Kaing Guek Eav (left), better known by his nom de guerre Duch, is on trial for overseeing the torture and extermination of 15,000 people who passed through the hardline communist movement's notorious Tuol Sleng prison. --PHOTO: AFP
The Straits Times
The Straits Times
June 22, 2009
PHNOM PENH - PROSECUTORS at Cambodia's UN-backed war crimes court argued on Monday that the Khmer Rouge prison chief has given inconsistent accounts of his seniority in the late 1970s regime.
Kaing Guek Eav, better known by his nom de guerre Duch, is on trial for overseeing the torture and extermination of 15,000 people who passed through the hardline communist movement's notorious Tuol Sleng prison.
The former jail chief has claimed numerous times that he worked under fear for his life, but prosecutor William Smith pointed to an April testimony in which Duch said he only became afraid after a superior was arrested in 1978.
'I put it to you that you were not scared (before) because you were one of the most highly connected (Central Party) members,' Smith said.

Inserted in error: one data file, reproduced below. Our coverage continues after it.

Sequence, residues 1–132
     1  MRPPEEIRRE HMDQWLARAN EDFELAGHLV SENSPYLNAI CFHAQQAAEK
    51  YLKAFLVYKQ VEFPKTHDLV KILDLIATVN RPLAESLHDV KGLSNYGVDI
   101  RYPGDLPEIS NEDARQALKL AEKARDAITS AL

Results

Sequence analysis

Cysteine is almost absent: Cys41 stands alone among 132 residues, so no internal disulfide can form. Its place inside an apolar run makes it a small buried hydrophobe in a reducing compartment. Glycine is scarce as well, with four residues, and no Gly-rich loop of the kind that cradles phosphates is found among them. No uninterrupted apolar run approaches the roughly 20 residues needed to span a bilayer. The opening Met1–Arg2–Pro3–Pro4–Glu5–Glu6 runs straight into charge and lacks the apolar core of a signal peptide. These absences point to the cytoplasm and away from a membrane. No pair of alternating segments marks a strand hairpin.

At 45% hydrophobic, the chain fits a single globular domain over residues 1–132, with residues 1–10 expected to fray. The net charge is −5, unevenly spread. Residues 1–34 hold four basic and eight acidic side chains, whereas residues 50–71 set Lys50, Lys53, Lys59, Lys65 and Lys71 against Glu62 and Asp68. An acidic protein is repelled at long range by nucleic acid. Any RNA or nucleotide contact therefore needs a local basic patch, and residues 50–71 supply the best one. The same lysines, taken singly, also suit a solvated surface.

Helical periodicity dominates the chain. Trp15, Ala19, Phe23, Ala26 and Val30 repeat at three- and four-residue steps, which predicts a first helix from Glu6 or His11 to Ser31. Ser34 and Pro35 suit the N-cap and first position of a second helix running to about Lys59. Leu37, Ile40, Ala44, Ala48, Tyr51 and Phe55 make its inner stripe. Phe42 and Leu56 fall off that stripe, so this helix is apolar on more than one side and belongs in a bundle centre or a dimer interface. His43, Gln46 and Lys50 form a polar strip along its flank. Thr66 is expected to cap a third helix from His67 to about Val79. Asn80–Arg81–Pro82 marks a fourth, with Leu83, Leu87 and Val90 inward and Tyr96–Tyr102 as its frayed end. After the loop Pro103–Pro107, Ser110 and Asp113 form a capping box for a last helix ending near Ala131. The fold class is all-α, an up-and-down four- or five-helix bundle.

Duch, however, maintained he would have been 'beheaded' if he had not followed orders from superiors.
'We were a tool of the party.... It was the central committee that imposed the terror and if we failed to follow their orders we would be executed,' Duch said.
Earlier in his trial for war crimes and crimes against humanity, Duch begged forgiveness from the victims of the hardline communist movement after accepting responsibility for his role in leading the jail.
But he has consistently denied prosecutors' claims that he played a central role in the Khmer Rouge's iron-fisted rule and maintains he tortured only two people himself and never personally executed anyone.
The court does not have the authority to impose the death penalty, but the former maths teacher faces a life sentence for war crimes, crimes against humanity, torture and premeditated murder.
Khmer Rouge leader Pol Pot died in 1998, and many believe the tribunal is the last chance to find justice for victims of the 1975 to 1979 communist regime, which killed up to two million people. -- AFP